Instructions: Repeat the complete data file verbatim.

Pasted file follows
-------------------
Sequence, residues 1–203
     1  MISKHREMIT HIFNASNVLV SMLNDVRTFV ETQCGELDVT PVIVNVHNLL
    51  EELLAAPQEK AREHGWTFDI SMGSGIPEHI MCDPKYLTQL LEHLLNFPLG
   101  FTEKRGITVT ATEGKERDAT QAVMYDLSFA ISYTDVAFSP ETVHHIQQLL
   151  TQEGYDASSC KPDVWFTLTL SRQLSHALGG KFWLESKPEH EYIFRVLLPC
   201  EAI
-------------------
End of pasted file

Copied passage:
Sequence, residues 1–203
     1  MISKHREMIT HIFNASNVLV SMLNDVRTFV ETQCGELDVT PVIVNVHNLL
    51  EELLAAPQEK AREHGWTFDI SMGSGIPEHI MCDPKYLTQL LEHLLNFPLG
   101  FTEKRGITVT ATEGKERDAT QAVMYDLSFA ISYTDVAFSP ETVHHIQQLL
   151  TQEGYDASSC KPDVWFTLTL SRQLSHALGG KFWLESKPEH EYIFRVLLPC
   201  EAI